Blood Sugar

#223: Jason Fung, MD: Intermittent Fasting to Balance Leptin and Insulin Resistance

by Mike Mutzel

12 comments

 

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Books and Products Mentioned

The Diabetes Code: Prevent and Reverse Type 2 Diabetes Naturally

The Complete Guide to Fasting: Heal Your Body Through Intermittent, Alternate-Day, and Extended Fasting

The Obesity Code: Unlocking the Secrets of Weight Loss

About Jason Fung, MD

Dr. Fung is recognized as one of the world’s leading experts on fasting for weight loss and diabetes reversal, and his work has been featured in outlets such as the Atlantic, the New York Post, Forbes, the Daily Mail, and Fox News. He is the author of several books, including The Complete Guide to Fasting (co-authored with Jimmy Moore) and the bestselling The Obesity Code.

Connect with Jason

www.idmprogram.com

www.twitter.com/drjasonfung

Related Interview:Episode #167: Jason Fung, MD- Intermittent Fasting & Ketogenic Diets for Fat Loss


 

Podcast Show Notes

 

04:03 The Calories notion is false. To determine calories, scientists burn a piece of something and see how much energy is produced from it. Your body does not measure calories and does not respond to it. 100 calories of broccoli is not the same as 100 calories of doughnuts.

13:54 We have a mechanism in our body that determines how fat we get. Your body vigorously defends this set weight. If you get too fat, your body tries to burn off the extra calories until you return to their set weight. If you lose too much weight, your body burns less. In the 1960s no one exercised, but weight was stable in a good range.

17:50 Insulin makes you gain fat. If your fat cells expand to a certain point, they will generate leptin. Leptin goes into the brain and signals that we are too fat and turns down appetite. As you eat less, insulin goes down.

08:29 We now stimulate insulin all day. We went from eating 3 times a day in the 1970s to eating 6 to 10 times a day. This creates insulin resistance. Your fat cells expand and turn on leptin. When leptin is stimulated too often, you develop leptin resistance.

19:39 Your body weight set point is being reset upward. In obesity, there is no lack of leptin, but a lack of response. Your negative feedback loop is broken and you will gain weight.

20:23 To reset your body weight set point, you need to get your insulin low for a significant amount of time in order to get your leptin levels low. The reset of your body weight set point is a balance between insulin and leptin. It is a long term process.

24:14 When you eat all day, you are telling your body to store fat all day and you get fat.

25:07 Fat storage is a hormonal signal, not a caloric signal. You need to let insulin fall. When it falls, your body starts burning body glycogen and body fat.

25:57 Obesity is a time dependent phenomenon. The longer you have it, the harder it is to reverse.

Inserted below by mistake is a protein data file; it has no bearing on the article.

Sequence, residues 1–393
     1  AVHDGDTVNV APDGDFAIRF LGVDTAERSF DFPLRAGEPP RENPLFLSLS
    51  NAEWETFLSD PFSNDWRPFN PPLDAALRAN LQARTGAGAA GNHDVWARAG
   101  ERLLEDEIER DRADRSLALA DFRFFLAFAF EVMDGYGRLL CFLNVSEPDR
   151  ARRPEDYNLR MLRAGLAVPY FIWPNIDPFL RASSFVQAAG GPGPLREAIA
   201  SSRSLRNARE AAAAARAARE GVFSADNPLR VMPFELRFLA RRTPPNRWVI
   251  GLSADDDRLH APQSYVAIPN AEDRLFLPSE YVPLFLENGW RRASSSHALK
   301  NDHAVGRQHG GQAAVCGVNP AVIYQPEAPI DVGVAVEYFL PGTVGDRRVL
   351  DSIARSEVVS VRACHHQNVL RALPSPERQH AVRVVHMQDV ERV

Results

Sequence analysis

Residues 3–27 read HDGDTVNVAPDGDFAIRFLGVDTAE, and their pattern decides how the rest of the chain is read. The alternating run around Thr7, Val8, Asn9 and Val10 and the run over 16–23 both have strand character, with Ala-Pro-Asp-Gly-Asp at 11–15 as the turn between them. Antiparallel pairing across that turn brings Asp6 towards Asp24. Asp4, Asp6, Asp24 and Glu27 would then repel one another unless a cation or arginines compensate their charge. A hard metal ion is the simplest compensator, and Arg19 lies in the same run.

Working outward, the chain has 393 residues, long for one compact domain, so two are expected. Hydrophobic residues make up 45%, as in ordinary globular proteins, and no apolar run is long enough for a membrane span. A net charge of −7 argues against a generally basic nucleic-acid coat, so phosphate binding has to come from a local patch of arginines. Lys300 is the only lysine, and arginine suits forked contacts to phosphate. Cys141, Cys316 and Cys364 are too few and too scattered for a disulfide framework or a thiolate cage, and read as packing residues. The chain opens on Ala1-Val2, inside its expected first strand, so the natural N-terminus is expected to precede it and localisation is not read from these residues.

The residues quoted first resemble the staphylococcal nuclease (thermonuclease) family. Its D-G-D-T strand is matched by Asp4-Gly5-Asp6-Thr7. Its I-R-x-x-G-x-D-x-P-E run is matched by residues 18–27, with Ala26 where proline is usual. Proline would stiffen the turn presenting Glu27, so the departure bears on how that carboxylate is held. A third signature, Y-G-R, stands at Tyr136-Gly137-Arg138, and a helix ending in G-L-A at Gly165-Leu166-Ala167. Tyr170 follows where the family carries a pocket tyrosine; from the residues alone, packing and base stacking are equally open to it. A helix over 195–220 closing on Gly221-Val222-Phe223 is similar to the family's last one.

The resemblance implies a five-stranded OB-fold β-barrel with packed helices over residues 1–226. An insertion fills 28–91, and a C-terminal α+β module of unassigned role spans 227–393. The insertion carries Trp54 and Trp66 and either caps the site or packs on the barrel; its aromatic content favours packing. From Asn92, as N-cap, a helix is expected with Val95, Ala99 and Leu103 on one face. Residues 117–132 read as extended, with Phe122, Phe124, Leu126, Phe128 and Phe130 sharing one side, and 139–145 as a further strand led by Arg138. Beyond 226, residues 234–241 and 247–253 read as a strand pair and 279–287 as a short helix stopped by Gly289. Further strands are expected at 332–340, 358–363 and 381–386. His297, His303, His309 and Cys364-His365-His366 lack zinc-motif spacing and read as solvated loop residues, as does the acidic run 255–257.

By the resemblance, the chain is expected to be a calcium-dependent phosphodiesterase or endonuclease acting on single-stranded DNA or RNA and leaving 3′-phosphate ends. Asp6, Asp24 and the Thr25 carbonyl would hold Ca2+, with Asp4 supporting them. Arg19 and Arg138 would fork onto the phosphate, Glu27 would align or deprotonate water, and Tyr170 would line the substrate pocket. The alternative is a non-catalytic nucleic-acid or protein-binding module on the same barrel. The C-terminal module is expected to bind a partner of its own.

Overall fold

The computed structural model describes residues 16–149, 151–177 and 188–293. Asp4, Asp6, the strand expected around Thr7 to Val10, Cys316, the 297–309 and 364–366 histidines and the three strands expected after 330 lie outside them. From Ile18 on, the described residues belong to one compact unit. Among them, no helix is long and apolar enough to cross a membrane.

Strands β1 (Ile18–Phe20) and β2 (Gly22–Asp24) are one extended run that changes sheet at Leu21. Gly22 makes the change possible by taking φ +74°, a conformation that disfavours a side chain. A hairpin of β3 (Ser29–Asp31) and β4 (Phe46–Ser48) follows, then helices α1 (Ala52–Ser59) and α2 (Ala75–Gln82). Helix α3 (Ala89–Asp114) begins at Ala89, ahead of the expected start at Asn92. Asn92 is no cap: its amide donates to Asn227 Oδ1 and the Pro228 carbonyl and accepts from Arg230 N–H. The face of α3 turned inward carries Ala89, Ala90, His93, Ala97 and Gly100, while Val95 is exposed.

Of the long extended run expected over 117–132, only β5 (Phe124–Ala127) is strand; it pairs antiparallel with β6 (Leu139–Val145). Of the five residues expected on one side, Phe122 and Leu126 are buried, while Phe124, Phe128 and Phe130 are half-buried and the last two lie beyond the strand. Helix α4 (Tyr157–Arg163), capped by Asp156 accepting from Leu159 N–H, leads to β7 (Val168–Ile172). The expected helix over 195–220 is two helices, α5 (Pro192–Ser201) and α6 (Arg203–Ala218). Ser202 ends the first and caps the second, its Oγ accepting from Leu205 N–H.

27:05 Over-feeding studies in the 1960s could not make rats over eat. They stopped when they were full. The study shifted to college kids and they couldn’t gain weight.  The study shifted to prisoners, who got no exercise, but it was still a challenge to have them gain weight. When the over-feeding ended, they went back to their set weights.

29:41 Intermittent fasting is not about how many calories you eat. It is about the time that you are not eating. When you drop your insulin enough, you tell your body to switch fuel sources. When you eat all the time, you fuel your body on the fuel that is coming in. During a fast, after you have burned through your body’s glycogen stores, you begin to burn fat.

31:24 Insulin inhibits lipolysis, stopping you from burning fat. When you limit caloric intake but your body has no access to fat stores, your metabolic rate slows in order for you to survive. If you are switching fuel sources, your body has no reason to slow down.

32:24 On a 7 day water only fast, your insulin falls and you switch from burning food to burning fat. Since there is plenty of fat to burn, you metabolism does not slow. Your metabolic rate is maintained.

33:13 During fasting, as your insulin falls, you get a counter-regulatory hormone surge, increasing adrenaline, noradrenaline, growth hormone and cortisol. This is done in an effort to get glucose out from the liver into the blood. This pumps up your metabolic rate.

33:53 There is a period of gluconeogenesis at around 24 hours into fasting. When fasting you go to the glycogen stores, chains of glucose stored in your liver. Those last about 24 to 36 hours. You will burn protein, not muscle. Your body targets unneeded or damaged proteins. Growth hormone increases during fasting 3 to 5 fold on a 5 day fast. When you eat again, you will rebuild your lost protein, but it will be robust and healthy. The same goes for autophagy, cancer and Alzheimer’s plaque.

35:40 If the old protein is never broken down, you cannot build new protein.

37:26 You get much better retention of lean mass with an intermittent fasting strategy over cutting calories.

38:24 Biggest Loser style diets sink metabolic rates. If you are not bringing in enough calories and your insulin is still high, you will feel cold and sluggish. Your hair may fall out and your nails may get brittle. Everything takes energy. You are not losing weight. You start gaining weight.

40:40 During the time you fast, your body burns stored food energy.

41:01 When you restrict calories during your restricted eating windows and insulin is low from this intermittent fasting, you allow your body to access stored food energy.

42:15 Women can fast. Ghrelin is the hunger hormone. The higher it is, the hungrier you are. Women have higher ghrelin spikes.

43:01 If you don’t eat over 24 hours ghrelin spikes 3 times, at breakfast, lunch and dinner. Ride the wave of hunger. Hunger does not continue to increase. If you don’t eat, it drops back down. Your body ate lunch out of your own body fat.

45:04 Cravings disappear with fasting and keto. If you have cravings, do not give in. The craving will subside. If you have just a little, it will get worse. Giving up sweets completely is easier than just having a little. This is one of the reasons fasting is so powerful.

49:38 You can eat high carb foods and keep low insulin. Carbs are not the only input into the insulin system. Regional groups of people around the world eat a high percentage of carbs every day, yet they are not obese. They do not eat all day and they eat little sugar.

51:09 Sugar is more fattening than other carbohydrates. Fructose has no insulin effect and no glycemic index effect, but it is bad for you. It is 20 times as fattening as bread.

53:51 Natural foods have natural satiety mechanisms. Highly refined grains have no satiety effect because the fat, protein and fiber, which have satiety mechanisms, are removed. When it is ground fine, you absorb it quickly and it gives you a high. This is why you always have room for desert.